After Nelson’s sentencing, Al-Rawi, who was the attorney general at the time, told Newsday the sentencing was a "historic occasion" because of Nelson’s whistle-blowing testimony.
“"This case was a historic case in so far as Mr Nelson's whistle-blowing testimony, voluntarily given, resulted in his conviction and sentencing before a court."
"What is important in the Nelson matter is that all of the dots which were put together in the criminal justice reform went to work."
The grounds by which Nelson's attorneys say the DPP can appeal the conviction and sentence, and several case law to support the contention, were also provided in the lengthy letter written by King’s Counsel Edward Fitzgerald and Varun Debideen.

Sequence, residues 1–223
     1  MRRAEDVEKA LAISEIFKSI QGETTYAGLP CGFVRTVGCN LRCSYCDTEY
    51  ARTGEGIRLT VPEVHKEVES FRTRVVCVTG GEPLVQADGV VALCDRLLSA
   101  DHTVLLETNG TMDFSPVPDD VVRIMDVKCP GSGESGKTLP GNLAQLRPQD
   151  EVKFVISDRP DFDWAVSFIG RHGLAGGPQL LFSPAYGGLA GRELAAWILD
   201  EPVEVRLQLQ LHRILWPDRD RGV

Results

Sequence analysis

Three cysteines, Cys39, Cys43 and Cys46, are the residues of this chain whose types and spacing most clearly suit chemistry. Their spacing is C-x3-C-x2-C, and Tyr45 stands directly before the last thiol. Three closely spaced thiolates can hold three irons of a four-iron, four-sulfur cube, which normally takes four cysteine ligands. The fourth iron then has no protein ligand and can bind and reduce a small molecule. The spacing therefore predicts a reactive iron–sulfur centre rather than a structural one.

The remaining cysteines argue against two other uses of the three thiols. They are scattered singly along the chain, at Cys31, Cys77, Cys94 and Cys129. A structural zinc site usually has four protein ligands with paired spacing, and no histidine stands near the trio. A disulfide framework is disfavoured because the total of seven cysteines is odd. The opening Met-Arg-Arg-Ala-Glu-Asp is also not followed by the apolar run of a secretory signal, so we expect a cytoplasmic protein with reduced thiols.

Civil case seeks $96m in compensation
In his lawsuit alleging a breach of the indemnity agreement, first filed in February and re-amended in June 2022, Nelson said he incurred costs and expenses associated with his notarised statement which he gave on October 26, 2017. The statement disclosed the alleged criminal conspiracy and criminal enterprise with Ramlogan and Ramdeen.
Nelson claims if not for his conviction – which he also claims was not part of his agreement with the Government – he would have returned to practise law for 10 years until his retirement in 2028 when he turned 71.
He is claiming the $96 million for these “lost years” of work. Nelson said he had no funds saved for a pension and it was always his intention to return to work as soon as he was cured of cancer. Nelson says before his conviction he earned an average annual salary of £1.4 million.